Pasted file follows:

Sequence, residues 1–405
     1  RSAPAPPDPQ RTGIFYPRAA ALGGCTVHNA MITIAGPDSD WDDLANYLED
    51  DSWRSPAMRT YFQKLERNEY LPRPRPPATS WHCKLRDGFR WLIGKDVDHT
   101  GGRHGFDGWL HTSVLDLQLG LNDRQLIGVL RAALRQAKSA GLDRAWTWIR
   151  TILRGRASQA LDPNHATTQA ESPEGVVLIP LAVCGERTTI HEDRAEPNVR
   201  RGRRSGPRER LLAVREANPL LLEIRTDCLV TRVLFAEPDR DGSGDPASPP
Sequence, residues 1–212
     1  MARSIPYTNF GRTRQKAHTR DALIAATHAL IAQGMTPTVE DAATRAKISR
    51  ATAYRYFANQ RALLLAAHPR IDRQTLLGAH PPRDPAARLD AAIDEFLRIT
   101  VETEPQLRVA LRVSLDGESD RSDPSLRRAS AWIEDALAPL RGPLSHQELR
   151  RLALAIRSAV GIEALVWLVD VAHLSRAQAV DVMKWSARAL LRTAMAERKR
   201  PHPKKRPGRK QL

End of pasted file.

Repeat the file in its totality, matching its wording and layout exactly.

Sequence, residues 1–405
     1  RSAPAPPDPQ RTGIFYPRAA ALGGCTVHNA MITIAGPDSD WDDLANYLED
    51  DSWRSPAMRT YFQKLERNEY LPRPRPPATS WHCKLRDGFR WLIGKDVDHT
   101  GGRHGFDGWL HTSVLDLQLG LNDRQLIGVL RAALRQAKSA GLDRAWTWIR
   151  TILRGRASQA LDPNHATTQA ESPEGVVLIP LAVCGERTTI HEDRAEPNVR
   201  RGRRSGPRER LLAVREANPL LLEIRTDCLV TRVLFAEPDR DGSGDPASPP
Sequence, residues 1–212
     1  MARSIPYTNF GRTRQKAHTR DALIAATHAL IAQGMTPTVE DAATRAKISR
    51  ATAYRYFANQ RALLLAAHPR IDRQTLLGAH PPRDPAARLD AAIDEFLRIT
   101  VETEPQLRVA LRVSLDGESD RSDPSLRRAS AWIEDALAPL RGPLSHQELR
   151  RLALAIRSAV GIEALVWLVD VAHLSRAQAV DVMKWSARAL LRTAMAERKR
   201  PHPKKRPGRK QL